In 1987, Mikhail Gorbachev released his famous work, Perestroika: New Thinking for Our Country and the World, the outline of his policy for the restructuring of the Soviet system. This is an overview of the plan he presented in April of 1985 to the Plenary Meeting of the Central Committee of the Communist Party. The Communist Party then endorsed his plan of Perestroika as their general policy line.
It was immediately heralded in the West as a breakthrough; a new openness or glasnost was proposed as a way of admitting the failures of the Soviet system and a means of engendering a mutual trust and understanding with the free nations. In America, publications such as Time magazine heralded Perestroika and glasnost as a move toward western-style democracy. Gorbachev was named “Man of the Year” and later “Man of the Decade” by Time and he received the Nobel Peace Prize.
By 1991, the economic demise of the USSR has been interpreted as a failure of Perestroika. Gorbachev announced recently that the Soviet Union would continue to try to move toward a system of reform under a government consisting of “reformed Communism.” Although the Party has apparently fallen from favor with the people, and Gorbachev has renounced atheism and Marxism, his policy of Perestroika is still in place.
But what does Perestroika actually say to the West? Perestroika states emphatically from the very first chapter that its goal is a return to Leninist-Communism. In this work, Gorbachev maintained that the potential of socialism hadn’t yet been realized. He made frequent appeals to western leaders for nuclear disarmament, “new thinking,” and global environmentalism. A reading of Perestroika will show that these terms are just socialism dressed up in popular, western, free-world lingo. So what is really new about Perestroika?
Here is the plan in Gorbachev’s own words:
“Perestroika is an urgent necessity arising from the profound processes of development in our socialist society.” p.17
“The works of Lenin and his ideals of socialism remained for us an inexhaustible source of dialectical creative thought, theoretical wealth and political sagacity. His very image is an undying example of lofty moral strength, all-round spiritual culture and selfless devotion to the cause of the people and to socialism.” p.25
“The Leninist period is indeed very important. It is instructive in that it proved the strength of Marxist-Leninist dialectics, the conclusions of which are based on an analysis of the actual historical situation…. The important thing was to translate it into the practical language of everyday life.” p.26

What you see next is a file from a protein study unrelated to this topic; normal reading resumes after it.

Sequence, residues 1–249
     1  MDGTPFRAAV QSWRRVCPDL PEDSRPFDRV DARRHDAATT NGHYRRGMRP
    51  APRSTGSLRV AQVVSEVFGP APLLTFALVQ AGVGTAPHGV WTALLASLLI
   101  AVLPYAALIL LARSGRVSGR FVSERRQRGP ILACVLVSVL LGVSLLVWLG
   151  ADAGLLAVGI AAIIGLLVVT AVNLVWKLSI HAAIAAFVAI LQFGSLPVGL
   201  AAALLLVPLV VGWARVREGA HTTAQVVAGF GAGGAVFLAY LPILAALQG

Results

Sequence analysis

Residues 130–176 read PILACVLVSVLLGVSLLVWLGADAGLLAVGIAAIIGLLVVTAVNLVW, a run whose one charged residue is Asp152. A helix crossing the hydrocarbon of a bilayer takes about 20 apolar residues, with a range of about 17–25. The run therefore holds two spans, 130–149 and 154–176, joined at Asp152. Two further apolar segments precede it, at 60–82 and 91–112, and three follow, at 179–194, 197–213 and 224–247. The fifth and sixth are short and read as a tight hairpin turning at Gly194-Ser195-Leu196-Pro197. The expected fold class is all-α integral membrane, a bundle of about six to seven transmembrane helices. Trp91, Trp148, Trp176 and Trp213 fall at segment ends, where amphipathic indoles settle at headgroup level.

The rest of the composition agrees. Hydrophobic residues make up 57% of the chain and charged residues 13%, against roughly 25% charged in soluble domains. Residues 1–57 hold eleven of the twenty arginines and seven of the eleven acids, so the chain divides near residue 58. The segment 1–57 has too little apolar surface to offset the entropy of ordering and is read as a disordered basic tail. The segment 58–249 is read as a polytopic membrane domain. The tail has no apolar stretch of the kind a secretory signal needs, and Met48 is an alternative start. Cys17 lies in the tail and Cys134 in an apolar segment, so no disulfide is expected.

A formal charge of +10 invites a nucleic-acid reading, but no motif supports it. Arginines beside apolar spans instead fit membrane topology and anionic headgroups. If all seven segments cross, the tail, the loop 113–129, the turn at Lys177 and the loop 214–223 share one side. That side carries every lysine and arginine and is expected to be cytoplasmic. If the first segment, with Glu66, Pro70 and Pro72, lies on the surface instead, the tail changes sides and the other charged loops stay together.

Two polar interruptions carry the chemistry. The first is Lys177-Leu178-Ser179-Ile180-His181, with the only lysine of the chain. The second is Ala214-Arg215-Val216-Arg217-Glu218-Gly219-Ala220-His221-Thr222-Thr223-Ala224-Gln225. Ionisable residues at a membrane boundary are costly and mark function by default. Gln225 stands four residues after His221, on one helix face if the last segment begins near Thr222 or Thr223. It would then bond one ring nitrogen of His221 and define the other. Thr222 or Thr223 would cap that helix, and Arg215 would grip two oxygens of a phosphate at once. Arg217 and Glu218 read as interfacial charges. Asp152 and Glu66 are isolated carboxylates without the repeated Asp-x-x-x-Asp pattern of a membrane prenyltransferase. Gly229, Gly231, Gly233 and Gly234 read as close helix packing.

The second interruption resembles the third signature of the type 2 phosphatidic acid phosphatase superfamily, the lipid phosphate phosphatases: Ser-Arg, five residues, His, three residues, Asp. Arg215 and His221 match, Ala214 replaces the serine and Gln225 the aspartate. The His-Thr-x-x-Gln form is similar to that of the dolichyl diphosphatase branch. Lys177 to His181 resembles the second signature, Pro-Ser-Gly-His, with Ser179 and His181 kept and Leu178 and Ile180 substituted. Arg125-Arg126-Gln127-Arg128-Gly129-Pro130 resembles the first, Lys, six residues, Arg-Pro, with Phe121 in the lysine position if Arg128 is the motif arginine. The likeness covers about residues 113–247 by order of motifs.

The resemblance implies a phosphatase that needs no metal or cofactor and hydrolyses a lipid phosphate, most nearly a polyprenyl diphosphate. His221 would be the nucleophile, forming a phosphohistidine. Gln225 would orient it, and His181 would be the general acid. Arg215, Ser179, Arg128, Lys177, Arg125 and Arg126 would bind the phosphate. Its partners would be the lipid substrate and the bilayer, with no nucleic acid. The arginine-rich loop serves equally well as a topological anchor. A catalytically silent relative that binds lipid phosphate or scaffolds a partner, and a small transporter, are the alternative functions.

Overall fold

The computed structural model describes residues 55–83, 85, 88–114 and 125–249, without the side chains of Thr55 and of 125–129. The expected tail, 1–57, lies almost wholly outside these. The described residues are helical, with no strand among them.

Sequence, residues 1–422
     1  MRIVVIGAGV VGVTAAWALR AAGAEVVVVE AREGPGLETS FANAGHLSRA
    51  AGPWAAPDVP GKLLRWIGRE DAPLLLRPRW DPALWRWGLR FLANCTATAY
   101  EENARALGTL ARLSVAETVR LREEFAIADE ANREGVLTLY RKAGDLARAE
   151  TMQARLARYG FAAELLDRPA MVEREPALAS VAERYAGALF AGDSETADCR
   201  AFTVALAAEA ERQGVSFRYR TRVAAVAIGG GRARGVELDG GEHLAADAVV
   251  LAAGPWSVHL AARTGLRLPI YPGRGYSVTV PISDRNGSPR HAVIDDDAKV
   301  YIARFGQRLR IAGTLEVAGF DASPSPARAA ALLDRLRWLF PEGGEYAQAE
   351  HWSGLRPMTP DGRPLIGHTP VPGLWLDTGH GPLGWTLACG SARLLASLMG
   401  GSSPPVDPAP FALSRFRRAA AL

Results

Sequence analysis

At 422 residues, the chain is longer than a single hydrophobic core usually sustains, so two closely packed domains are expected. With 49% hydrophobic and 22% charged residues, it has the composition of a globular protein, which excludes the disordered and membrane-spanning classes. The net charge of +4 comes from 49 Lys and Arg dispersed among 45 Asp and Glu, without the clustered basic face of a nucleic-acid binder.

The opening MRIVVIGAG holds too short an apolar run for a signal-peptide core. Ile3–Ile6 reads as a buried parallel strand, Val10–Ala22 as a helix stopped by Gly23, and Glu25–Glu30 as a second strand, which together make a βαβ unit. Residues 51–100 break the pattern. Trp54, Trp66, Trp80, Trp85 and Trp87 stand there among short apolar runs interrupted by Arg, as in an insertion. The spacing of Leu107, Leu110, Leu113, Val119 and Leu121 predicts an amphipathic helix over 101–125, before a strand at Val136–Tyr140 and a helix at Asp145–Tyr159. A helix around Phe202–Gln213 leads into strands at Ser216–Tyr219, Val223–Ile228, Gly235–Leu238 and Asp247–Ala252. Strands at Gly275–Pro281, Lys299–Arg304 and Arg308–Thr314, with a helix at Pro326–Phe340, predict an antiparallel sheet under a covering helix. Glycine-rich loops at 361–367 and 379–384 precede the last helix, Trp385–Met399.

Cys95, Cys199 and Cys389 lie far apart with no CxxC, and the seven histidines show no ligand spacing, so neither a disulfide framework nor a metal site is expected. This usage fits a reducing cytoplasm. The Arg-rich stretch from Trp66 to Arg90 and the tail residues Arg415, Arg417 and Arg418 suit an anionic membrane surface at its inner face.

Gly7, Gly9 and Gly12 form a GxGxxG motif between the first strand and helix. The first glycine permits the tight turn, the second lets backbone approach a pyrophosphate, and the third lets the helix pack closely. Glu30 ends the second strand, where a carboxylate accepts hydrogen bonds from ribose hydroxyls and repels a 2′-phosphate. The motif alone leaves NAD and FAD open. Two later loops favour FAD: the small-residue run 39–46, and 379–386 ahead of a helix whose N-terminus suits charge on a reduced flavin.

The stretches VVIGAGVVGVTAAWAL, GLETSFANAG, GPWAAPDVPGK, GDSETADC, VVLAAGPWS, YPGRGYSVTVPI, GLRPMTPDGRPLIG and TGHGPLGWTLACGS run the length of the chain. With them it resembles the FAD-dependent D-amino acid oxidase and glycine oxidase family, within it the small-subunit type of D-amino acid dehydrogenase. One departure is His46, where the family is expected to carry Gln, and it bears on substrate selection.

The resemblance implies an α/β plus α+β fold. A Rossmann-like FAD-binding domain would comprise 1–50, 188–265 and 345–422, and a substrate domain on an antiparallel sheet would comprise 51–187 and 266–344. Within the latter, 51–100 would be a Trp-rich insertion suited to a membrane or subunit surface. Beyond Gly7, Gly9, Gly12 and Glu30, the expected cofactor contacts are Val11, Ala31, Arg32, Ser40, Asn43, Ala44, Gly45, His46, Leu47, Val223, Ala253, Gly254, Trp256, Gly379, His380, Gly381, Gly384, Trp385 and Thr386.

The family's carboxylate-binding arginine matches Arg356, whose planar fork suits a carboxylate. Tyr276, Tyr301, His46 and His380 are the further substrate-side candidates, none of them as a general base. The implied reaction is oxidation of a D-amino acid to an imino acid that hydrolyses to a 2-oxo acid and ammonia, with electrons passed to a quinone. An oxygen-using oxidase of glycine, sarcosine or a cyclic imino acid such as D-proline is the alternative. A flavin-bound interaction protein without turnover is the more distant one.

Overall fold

“There are people in the West who would like to tell us that socialism is in a deep crisis and has brought our society to a dead end. That’s how they interpret our critical analysis of the situation at the end of the seventies and beginning of the eighties. We have only one way out, they say: to adopt capitalistic methods of economic management and social patterns, to drift toward capitalism….
“To put an end to all the rumors and speculations that abound in the West about this, I would like to point out once again that we are conducting all out reforms in accordance with the socialist choice. We are looking within socialism, rather than outside of it, for the answers to all the questions that arise. We assess our successes and errors alike by socialist standards. Those who hope we shall move away from the socialist path will be greatly disappointed. Every part of our program of perestroika – and the program as a whole, for that matter – is fully based on the principle of more socialism and more democracy.” p.36
Here in effect, is Gorbachev’s plan. Allow basic human freedoms to function within the socialist state while bolstering the material productivity of the nation and the happiness of the individual:
“More socialism means more democracy, openness and collectivism in everyday life, more culture and humanism in production, social and personal relations among the people, more dignity and respect for the individual…. We will proceed toward better socialism rather than away from it…. We want more socialism and, therefore, more democracy.” p.37
More socialism and more democracy?